And I was also shooting a ton of bodyboarding. Me and Tom Boyle were like the two main bodyboarding guys in the U.S. And it was super fun. It’s so funny because Hank was another one that shot a ton of bodyboarding, but he won’t admit it now. Man, it was one of the most fun times of my life.

How’d you end up back in Hawaii?

I met my first wife, no surprise, she was a swimsuit model, and we moved back to Hawaii full-time. That’s when I started traveling more and doing trips.

You were one of the main guys to travel with Bruce and Andy Irons. How’d that come about?

Zeldo, Chris Cote and Steve Sherman hired me at Transworld, and that’s really when I started traveling more. I think Transworld was the peak of my career. It was from about 2000 until Transworld went under. I was just in the zone at that time. I was everywhere I was supposed to be.

There’s a lot of great surf photographers out there, but really, what makes a surf photographer successful is having those relationships with the surfers and having them want you to go on the trips with them.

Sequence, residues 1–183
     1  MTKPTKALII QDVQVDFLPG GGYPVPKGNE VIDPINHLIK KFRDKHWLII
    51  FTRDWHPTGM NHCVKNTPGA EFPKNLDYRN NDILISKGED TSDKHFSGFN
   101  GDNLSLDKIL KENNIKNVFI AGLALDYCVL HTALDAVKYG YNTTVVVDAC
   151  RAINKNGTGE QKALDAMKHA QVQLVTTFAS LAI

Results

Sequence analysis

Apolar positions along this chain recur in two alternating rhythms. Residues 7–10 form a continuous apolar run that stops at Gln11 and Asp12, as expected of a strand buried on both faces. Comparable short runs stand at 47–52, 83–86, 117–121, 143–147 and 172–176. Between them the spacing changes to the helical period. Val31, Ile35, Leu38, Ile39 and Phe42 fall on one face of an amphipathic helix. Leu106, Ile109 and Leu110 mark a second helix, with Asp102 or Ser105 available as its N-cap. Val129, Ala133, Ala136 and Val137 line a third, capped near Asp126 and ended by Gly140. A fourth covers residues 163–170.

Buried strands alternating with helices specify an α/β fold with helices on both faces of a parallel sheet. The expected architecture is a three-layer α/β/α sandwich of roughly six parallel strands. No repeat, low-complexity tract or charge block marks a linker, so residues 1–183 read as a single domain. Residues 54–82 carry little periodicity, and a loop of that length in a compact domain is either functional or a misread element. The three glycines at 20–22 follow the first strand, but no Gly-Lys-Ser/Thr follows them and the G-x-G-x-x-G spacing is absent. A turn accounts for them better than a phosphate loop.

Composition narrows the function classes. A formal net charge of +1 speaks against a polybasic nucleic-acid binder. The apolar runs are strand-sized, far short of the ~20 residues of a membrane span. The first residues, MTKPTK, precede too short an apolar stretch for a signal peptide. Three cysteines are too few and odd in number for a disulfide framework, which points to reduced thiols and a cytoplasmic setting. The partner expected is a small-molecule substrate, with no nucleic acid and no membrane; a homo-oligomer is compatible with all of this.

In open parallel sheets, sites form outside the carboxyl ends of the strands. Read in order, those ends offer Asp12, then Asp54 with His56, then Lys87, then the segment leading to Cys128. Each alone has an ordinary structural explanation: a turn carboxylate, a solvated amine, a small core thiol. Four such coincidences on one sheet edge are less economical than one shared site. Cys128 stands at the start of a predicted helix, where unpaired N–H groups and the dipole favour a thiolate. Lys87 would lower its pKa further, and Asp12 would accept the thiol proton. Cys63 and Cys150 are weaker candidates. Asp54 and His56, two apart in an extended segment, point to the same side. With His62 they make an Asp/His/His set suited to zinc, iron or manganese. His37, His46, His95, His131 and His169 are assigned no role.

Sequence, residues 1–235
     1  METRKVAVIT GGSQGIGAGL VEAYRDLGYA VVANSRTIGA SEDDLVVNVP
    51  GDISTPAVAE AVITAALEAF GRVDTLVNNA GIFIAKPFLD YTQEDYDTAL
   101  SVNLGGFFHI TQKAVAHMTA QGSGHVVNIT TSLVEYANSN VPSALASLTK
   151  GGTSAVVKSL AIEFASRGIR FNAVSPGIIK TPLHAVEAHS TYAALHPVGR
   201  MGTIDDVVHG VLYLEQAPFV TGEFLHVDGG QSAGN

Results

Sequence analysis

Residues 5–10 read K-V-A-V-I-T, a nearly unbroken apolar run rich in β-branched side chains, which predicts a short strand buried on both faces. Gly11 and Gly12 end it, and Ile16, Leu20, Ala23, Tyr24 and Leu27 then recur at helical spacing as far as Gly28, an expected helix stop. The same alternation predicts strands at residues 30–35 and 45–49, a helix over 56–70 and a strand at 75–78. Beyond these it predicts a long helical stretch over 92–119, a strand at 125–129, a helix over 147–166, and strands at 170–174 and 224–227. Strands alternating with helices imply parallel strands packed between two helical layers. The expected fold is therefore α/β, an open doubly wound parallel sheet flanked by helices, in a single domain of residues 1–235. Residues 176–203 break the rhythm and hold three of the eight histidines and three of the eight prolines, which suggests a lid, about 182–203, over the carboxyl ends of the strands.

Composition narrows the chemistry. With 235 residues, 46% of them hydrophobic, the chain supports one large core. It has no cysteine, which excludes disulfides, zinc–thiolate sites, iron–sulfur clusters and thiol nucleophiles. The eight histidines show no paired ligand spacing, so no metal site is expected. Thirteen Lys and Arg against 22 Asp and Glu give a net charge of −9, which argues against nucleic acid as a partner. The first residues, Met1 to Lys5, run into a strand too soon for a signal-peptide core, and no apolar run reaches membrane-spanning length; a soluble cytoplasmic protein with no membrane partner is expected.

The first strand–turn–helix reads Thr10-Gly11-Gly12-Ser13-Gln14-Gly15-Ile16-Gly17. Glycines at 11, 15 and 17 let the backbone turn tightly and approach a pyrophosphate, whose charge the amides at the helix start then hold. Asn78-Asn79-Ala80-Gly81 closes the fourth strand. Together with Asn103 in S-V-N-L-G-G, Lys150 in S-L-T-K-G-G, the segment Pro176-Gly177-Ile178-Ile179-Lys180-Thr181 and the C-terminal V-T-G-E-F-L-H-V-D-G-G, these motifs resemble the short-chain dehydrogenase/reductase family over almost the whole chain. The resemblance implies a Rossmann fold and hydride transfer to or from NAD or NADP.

There’s a lot of weird surf photographers out there, but I guess I was just the kind of weird that people didn’t mind having around. That era, I’d say all my favorite photos are Andy and Bruce and Nathan.

Those were good days for surfing. There was cash in the industry, Andy was ruling, the mags were thick. It’s not like that today.

I talked to Lyndie [Irons] the other day on the phone, and I said to her, ‘Isn’t it the weirdest thing that when Andy passed away everything changed.’ And I used to think that it just changed for us, those that loved him and knew him, but I think it’s bigger than that. It was the end of this really fun era.

For sure. It really felt like it then, and still feels like that today. Andy’s gone. The mags are gone. Instagram killed surf photography as a viable career path. What’s your plan now after this crazy ride?

Well, that’s a great question. I’ve moved back to California, but it’s rough, man. The game has changed so much. I’m too old to get into the social media thing. I can’t imagine doing that. It doesn’t appeal to me.

What I’d like to do is work on some bigger projects. I’d like to do a book. I wouldn’t mind doing more slideshows and public speaking kinds of things. I’ve got this amazing archive that I’ve built up over 40 years of shooting, and I guess I just have to be creative about how I can use it and what’s possible with it. And, of course, I’ll keep shooting.